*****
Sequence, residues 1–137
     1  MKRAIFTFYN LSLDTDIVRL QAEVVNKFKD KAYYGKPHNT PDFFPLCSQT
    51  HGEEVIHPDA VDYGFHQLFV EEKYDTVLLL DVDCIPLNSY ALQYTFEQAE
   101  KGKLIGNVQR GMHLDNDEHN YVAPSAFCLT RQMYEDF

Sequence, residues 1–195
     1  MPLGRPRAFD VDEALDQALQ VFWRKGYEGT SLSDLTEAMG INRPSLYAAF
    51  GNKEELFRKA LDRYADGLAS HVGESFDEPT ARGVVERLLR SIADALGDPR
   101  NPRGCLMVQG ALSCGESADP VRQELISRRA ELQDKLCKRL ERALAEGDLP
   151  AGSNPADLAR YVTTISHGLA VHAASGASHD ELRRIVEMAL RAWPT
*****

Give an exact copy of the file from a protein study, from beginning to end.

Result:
Sequence, residues 1–137
     1  MKRAIFTFYN LSLDTDIVRL QAEVVNKFKD KAYYGKPHNT PDFFPLCSQT
    51  HGEEVIHPDA VDYGFHQLFV EEKYDTVLLL DVDCIPLNSY ALQYTFEQAE
   101  KGKLIGNVQR GMHLDNDEHN YVAPSAFCLT RQMYEDF

Sequence, residues 1–195
     1  MPLGRPRAFD VDEALDQALQ VFWRKGYEGT SLSDLTEAMG INRPSLYAAF
    51  GNKEELFRKA LDRYADGLAS HVGESFDEPT ARGVVERLLR SIADALGDPR
   101  NPRGCLMVQG ALSCGESADP VRQELISRRA ELQDKLCKRL ERALAEGDLP
   151  AGSNPADLAR YVTTISHGLA VHAASGASHD ELRRIVEMAL RAWPT